Now I am wondering if he will submit someone like Janice Rogers Brown and the fight will begin.

Wednesday, October 26, 2005


Each day brings its share of surprises. I got an email from a colleague yesterday. "The Book," as we have come to call it has a publisher!--Columbia University, East European Mongraphs. Hopefully it will be out in late 2006. It is so good to get that "checked" off the list.


I have been struggling to make sense of the Plame-Wilson affair. Now I see that some are raising the question of whether the CIA was attempting a covert operation against President Bush. I am not sure whether this is a right-wing conspiracy theory in the making or not.

Andrew McCarthy assesses the reasons the indictments might be sealed and gives as one reason: if there are national security implications, indictments may be sealed until steps can be taken to notify the appropriate officials, so they can take steps to deal with whatever the national security fall-out may be.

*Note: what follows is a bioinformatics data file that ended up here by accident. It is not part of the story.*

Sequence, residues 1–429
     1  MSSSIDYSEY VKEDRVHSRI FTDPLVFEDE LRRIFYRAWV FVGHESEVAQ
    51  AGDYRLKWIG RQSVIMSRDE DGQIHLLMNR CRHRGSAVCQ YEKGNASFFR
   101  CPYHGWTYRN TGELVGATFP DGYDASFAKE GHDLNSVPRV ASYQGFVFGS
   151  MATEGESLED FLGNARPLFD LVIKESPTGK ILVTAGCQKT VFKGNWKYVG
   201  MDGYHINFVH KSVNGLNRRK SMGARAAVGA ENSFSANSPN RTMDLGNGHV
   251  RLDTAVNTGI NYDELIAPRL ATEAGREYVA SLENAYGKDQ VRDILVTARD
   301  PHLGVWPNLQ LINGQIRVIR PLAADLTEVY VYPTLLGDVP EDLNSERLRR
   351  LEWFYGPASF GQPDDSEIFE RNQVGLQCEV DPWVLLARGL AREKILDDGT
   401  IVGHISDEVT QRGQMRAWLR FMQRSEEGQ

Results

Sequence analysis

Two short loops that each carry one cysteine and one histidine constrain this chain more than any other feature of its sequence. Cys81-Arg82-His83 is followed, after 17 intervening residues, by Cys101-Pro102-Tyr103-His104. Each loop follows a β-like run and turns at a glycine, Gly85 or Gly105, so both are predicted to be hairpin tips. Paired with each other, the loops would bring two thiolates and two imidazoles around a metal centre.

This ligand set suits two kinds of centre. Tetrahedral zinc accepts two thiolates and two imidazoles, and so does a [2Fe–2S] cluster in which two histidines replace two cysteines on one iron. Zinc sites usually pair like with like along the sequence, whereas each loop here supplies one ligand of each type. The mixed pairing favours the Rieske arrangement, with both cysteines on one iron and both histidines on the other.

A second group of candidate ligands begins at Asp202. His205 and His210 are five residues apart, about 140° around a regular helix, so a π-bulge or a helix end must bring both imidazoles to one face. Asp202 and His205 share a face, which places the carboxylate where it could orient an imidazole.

Tuesday, October 25, 2005


The Plame-Wilson affair continues to bother me. Some of Wilson's charges have been proven to be lies. He appears to be involved in self-promotion. A whistle-blower is better off remaining reasonably neutral in the political wars and he was making charges while working in the Kerry campaign. I can't understand, if Libby and Cheney were involved, why they would use this fellow. I keep waiting for something else to come out. There is something just not adding up.

And the reporter who leaked Plame's name as a CIA employee that started it all, Robert Novak, is never mentioned in all of this!--everybody is chasing these New York Times reporters.

Thursday, October 20, 2005


I just saw the rumor mill has Vice President Cheney resigning and Condi Rice replacing him! I have been speculating about this since 2003. What a move!

Tuesday, October 18, 2005